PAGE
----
December 2008

I keep quoting John Hussman because he adds a fresh perspective to the headlines and news articles from other sources…

This is not to minimize the prospects for a further economic downturn, but to say that this is ?the worst economy since the Great Depression? is like blowing up a crate of dynamite on the Nevada Proving Grounds and saying it is the worst explosion since the detonation of the atomic bomb there. Even if the statement is accurate, the comparison is absurd.


Nice graphic from WSJ on the central banking rate cuts:


I try to balance out my reading with both bullish and bearish commentary to keep a balanced perspective… a pursuit that is usually unsuccessful but still worthwhile.

I’m not horribly bearish or bullish in the short term as things stand today, but here’s the bearish side from 1440 Wall Street:

Do you considering slitting your wrists everytime Nouriel Roubini makes and appearance in the media? That don’t watch this interview with Nassim Nicholas Taleb.

…He does not like “medium risk” investments, because they probably are higher risk than you think.

But watch the video to catch his drift – he lays into the investment bankers/traders who created this mess, delving into how they often “cooked” their books and “gamed the metrics” to maximize compensation, while putting the whole system at risk.

Too many people had all the upside, with no downside. He explains the “asymmetry” and much more – great interview, if a bit depressing. And, for the time being, sell the rallies. The hedge fund deleveraging has more to go.

(video: 20 min)

As for my take on the current situation? I think stocks are a good value right now, based on the ratio of price to peak earnings (via Hussman). There’s a possibility for a big rally based on an overwhelmingly pessimistic public (bearish public and mainstream media = bullish contrary indicator), as well as a simple TFTF principle (TFTF = Too Far Too Fast)…

But I also think Nassim has a good point — I don’t know what is happening in the big hedge fund world, and it is entirely possible that another wave (or several waves) of hedge fund redemption have yet to run their course (as well as the potential waves of selling by would-be-retiring baby boomers). In addition to that, Nassim has been prophetic in the past about the risks we faced, and it would be foolish to dismiss his analysis completely without reasonable consideration.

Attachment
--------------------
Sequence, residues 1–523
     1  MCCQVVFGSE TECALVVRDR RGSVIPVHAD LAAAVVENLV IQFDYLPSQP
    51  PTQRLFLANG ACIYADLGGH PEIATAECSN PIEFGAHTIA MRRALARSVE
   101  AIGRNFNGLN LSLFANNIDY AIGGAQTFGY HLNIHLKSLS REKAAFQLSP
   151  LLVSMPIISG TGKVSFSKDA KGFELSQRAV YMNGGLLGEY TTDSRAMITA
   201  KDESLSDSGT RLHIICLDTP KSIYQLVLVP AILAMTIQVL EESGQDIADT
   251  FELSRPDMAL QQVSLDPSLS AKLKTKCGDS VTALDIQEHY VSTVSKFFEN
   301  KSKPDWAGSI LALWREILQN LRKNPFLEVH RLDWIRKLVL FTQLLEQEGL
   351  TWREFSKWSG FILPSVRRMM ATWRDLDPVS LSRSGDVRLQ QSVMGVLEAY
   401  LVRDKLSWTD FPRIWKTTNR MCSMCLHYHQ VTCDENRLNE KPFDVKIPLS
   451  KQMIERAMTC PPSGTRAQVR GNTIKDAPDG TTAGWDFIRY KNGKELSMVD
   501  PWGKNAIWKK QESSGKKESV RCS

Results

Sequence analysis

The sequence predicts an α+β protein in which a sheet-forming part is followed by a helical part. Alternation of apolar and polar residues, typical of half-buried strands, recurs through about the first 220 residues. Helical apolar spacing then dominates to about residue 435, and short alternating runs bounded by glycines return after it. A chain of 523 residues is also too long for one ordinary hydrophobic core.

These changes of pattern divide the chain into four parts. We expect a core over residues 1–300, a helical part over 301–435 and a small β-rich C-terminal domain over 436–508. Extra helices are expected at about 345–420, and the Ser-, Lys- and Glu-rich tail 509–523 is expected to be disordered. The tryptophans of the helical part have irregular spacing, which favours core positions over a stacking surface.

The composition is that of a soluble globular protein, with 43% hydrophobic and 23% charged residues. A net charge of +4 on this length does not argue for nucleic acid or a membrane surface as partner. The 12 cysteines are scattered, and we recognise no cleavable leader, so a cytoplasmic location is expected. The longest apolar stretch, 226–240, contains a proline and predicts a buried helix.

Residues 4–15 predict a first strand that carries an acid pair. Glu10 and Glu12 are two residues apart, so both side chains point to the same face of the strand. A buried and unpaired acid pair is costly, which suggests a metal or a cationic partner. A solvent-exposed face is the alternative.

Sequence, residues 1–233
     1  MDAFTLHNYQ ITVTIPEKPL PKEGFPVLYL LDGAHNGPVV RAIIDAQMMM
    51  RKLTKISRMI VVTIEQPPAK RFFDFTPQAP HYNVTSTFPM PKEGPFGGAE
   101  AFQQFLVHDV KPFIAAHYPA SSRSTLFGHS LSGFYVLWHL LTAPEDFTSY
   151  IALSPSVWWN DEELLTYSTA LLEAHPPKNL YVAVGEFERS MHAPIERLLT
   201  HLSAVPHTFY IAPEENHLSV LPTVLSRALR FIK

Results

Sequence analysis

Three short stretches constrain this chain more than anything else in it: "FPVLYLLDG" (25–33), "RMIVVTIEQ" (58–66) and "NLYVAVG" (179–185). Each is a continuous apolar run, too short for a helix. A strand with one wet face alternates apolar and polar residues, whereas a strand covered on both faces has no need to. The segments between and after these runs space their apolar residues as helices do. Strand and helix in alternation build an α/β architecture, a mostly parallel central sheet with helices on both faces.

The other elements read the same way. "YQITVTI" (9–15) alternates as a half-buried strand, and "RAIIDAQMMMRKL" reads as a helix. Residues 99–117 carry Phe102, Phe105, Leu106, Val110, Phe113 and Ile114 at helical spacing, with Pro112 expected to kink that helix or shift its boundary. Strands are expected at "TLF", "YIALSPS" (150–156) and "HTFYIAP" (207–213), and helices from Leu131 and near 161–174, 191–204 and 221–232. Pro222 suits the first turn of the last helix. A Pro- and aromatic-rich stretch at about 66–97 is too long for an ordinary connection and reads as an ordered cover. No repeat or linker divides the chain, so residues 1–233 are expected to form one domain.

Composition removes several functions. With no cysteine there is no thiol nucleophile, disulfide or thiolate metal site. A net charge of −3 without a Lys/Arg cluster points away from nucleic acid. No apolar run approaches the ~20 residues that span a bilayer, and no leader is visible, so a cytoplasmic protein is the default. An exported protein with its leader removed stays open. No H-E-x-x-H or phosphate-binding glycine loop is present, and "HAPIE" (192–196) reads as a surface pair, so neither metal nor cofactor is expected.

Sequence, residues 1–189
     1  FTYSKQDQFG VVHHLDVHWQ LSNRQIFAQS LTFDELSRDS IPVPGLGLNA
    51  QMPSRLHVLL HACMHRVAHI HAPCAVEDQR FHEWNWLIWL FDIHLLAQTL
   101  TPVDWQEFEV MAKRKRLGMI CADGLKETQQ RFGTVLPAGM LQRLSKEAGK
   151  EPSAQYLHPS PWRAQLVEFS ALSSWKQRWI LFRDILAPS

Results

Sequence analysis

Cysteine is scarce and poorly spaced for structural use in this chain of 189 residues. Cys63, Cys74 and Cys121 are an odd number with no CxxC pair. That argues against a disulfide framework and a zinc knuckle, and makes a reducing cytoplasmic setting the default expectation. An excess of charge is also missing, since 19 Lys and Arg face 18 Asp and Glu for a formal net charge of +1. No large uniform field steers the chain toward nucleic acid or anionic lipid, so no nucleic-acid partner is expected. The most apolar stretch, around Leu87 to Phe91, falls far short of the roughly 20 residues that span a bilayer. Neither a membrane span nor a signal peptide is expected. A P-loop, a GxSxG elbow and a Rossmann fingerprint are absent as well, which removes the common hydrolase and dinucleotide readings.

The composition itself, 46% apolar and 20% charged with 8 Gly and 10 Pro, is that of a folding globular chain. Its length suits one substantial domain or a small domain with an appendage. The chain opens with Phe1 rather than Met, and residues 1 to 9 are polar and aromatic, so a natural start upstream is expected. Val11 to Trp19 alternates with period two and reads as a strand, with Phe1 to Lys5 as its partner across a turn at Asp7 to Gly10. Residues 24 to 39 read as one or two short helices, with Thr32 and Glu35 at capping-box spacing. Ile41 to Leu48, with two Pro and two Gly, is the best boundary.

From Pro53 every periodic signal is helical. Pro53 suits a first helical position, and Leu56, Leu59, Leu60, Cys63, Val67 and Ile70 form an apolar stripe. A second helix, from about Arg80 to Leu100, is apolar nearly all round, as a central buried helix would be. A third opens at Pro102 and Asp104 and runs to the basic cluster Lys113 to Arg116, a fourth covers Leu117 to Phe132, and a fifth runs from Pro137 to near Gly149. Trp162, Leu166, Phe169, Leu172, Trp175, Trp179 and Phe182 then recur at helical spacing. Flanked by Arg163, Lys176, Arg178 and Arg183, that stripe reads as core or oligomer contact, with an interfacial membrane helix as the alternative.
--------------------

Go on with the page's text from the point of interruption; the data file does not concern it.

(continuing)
With both sides in mind, things are cheap now, but there’s no reason that they won’t get a lot cheaper in the near future. Am I jumping in to go short the market on the next rally? No. Nor am I jumping in with both feet on the rallies. My current bias is slightly to the upside, but that can and likely will change as we see the price action unfold.

Bear markets do interesting things, one of which is to overreact severely on a few stocks. For example, there is a gold mining company that I have followed for a while by the name of New Gold Inc (NGD). Like every other gold stock out there, NGD has been shellacked to very low prices.

Interestingly, if we look at New Gold’s financials, the stock is currently trading with a market cap of $170m (at yesterday’s closing price of $0.80/share). The company currently has $250m in cash, and minimal amounts of debt. NGD is trading at a solid 30% discount to the cash on their balance sheet… so buy buying the shares at $0.80 you get $1.17 in cash, and they throw in several high quality, currently in production gold mines.

Of course, it’s not as clear cut as the previous sentence may make it sound… Rumors have it that New Gold is having some sort of issue with their new big mine, and thus they are not risk free. They’re also spending that cash to continue operations, as companies normally do, so the amount of cash on their balance sheet is not a constant, fixed amount.

Despite the caveats, this is a great bargain for a gold stock right now. And this certainly isn’t the only stock trading at a discount to cash…

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